Cannabichromene (CBC) is a psychoactive non-psychotropic phytocannabinoid. It was discovered in 1964 and is the decarboxylated form of CBCa found in heated juvenile cannabis. As the plant matures, the CBC levels lower, but GW Pharmaceutical was able to develop a mutated Cannabis sativa variety that has difficulties producing THC and CBD, allowing the CBC to accumulate in higher amounts than naturally found. CBC binds to neither CB1 or CB2 receptors at standard doses, instead interacting with the capsaicin vanilloid receptor TRPV1 and the protein TRPA1. Interacting with these receptors means it can increase the levels of endocannabinoids, such as AEA and 2AG, by interfering with the natural process that degrades them. At much higher doses, those exceeding 100 mg, CBC has been shown to be a partial CB1 receptor agonist.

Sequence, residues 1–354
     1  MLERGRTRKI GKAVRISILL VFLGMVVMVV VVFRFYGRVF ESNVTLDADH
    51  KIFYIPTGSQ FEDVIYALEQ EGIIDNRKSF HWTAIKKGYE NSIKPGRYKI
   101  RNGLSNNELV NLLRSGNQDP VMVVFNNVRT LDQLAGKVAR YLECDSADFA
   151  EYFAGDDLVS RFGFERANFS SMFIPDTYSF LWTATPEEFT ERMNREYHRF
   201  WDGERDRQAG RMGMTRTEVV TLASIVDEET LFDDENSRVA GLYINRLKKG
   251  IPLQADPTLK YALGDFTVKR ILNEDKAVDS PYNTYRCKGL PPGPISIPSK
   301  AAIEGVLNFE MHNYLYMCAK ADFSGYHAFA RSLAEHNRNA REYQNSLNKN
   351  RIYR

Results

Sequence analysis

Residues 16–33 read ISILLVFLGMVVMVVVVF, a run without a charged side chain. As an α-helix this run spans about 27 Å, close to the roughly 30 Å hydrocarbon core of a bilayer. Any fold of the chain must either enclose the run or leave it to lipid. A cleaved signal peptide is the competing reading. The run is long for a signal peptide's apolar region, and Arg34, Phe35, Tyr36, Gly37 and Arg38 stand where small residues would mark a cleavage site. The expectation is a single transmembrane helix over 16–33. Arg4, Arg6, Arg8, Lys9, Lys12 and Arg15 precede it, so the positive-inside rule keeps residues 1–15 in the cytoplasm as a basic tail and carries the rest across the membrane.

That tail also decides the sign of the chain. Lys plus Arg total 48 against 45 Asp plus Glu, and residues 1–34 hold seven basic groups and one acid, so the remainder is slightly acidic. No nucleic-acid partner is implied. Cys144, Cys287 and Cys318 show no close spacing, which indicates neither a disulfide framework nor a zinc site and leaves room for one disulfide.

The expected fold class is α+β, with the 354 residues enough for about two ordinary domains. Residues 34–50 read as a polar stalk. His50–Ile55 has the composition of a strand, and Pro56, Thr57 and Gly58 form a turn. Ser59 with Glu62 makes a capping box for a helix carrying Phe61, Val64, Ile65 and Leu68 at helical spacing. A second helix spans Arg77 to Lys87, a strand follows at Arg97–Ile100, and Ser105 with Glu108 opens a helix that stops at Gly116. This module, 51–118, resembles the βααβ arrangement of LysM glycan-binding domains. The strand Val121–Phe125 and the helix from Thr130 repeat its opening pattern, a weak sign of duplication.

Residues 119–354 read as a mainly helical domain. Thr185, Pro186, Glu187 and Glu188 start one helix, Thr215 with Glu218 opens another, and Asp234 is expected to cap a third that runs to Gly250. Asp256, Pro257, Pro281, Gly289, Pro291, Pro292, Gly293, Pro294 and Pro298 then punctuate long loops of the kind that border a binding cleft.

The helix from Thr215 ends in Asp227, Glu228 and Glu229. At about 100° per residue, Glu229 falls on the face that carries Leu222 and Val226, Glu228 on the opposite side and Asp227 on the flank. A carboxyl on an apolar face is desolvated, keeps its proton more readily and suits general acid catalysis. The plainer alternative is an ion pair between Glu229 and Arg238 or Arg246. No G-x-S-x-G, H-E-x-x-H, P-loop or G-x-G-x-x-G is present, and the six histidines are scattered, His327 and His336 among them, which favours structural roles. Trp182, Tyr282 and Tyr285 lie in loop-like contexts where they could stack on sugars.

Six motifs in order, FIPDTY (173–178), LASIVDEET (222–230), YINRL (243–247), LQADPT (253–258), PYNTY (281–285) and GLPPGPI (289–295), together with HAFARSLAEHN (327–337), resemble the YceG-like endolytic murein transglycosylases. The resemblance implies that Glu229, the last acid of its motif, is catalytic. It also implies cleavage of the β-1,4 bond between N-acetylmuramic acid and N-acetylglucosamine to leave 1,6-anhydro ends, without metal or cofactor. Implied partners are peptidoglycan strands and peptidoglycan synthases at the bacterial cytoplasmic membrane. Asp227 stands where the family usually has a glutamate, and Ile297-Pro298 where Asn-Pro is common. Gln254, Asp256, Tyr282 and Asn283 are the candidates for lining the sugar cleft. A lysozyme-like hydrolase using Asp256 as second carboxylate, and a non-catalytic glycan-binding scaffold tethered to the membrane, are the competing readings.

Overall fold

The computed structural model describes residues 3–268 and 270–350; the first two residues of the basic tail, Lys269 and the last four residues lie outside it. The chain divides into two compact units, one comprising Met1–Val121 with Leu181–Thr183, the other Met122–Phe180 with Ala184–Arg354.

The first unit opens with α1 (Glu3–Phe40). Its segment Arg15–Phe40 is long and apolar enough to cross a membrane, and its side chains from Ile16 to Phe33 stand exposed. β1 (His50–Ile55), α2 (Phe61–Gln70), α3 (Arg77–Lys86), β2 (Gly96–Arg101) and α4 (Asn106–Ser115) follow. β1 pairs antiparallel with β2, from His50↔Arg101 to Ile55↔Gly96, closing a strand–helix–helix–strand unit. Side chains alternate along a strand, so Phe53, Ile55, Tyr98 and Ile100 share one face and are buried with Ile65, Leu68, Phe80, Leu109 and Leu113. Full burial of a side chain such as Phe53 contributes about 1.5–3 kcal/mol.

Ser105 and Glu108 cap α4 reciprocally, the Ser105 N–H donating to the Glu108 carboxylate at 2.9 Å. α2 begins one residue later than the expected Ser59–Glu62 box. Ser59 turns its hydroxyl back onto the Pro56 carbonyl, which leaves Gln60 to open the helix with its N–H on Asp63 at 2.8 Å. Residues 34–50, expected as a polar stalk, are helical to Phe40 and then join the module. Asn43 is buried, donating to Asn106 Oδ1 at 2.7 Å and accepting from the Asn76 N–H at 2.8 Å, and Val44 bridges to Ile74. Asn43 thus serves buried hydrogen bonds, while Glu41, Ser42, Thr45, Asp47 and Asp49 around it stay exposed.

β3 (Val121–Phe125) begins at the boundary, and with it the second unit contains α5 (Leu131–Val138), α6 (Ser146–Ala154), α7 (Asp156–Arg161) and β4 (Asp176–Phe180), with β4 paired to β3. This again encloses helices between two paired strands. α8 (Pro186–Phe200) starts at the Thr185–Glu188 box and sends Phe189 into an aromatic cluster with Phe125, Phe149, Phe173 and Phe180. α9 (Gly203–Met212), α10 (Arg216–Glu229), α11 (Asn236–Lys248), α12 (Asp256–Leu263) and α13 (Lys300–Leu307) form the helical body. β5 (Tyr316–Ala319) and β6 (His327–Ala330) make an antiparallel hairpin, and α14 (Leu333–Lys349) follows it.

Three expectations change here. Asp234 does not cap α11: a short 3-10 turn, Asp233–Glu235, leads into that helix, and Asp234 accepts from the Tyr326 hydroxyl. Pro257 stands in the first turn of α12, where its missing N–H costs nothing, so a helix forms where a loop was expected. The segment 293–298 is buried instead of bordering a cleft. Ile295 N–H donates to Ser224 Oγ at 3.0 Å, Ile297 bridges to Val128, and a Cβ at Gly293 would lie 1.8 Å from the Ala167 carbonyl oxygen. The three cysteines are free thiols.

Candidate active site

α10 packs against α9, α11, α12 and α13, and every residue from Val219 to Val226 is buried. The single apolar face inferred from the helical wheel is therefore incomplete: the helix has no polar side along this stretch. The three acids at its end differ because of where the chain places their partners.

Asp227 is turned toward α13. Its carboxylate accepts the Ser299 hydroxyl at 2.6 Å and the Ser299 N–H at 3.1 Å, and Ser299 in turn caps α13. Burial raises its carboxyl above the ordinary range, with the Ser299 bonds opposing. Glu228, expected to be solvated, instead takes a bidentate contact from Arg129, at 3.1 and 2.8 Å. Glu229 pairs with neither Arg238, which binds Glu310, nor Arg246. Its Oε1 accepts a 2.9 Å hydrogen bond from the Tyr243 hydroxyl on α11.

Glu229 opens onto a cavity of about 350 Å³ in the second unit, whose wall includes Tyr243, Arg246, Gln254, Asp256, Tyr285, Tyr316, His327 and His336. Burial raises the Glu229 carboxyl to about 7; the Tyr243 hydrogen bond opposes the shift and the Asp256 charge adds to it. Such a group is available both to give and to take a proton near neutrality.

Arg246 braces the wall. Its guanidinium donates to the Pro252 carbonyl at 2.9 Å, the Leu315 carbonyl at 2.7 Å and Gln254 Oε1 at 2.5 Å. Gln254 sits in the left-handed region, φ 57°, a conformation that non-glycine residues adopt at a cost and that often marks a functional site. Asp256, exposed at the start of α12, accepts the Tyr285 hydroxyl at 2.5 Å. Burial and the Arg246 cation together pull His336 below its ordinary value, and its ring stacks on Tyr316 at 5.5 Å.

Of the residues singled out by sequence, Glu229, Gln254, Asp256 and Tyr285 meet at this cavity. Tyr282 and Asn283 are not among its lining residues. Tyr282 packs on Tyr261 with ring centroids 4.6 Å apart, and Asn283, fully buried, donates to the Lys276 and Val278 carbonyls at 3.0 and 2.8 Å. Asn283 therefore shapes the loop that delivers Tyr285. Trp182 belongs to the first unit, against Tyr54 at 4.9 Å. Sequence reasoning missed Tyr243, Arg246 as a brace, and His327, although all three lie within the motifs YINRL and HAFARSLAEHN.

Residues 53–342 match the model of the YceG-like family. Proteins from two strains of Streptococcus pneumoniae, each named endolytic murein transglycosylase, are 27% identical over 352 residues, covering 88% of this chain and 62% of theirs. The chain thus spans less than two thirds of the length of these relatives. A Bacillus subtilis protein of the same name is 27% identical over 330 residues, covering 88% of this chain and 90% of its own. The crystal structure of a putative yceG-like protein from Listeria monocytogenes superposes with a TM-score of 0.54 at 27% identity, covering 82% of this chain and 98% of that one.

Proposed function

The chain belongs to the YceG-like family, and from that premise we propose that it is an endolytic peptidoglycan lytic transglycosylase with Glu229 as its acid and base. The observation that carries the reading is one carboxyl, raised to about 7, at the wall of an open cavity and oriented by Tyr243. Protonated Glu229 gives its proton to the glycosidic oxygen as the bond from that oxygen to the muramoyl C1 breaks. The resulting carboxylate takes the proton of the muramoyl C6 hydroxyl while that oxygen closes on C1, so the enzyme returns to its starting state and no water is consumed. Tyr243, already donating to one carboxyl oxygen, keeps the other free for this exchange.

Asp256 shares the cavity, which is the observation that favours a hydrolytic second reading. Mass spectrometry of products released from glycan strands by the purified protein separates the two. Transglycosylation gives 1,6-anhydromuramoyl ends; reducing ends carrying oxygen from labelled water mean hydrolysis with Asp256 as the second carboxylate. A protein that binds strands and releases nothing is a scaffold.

How CBC Assists
CBC in particular has been shown to assist with anxiety, OCD, stress, asthma, bacterial infections, bronchitis, depression, osteoporosis, skin disorder, acne, dermatitis, psoriasis, eczema and pain relief.
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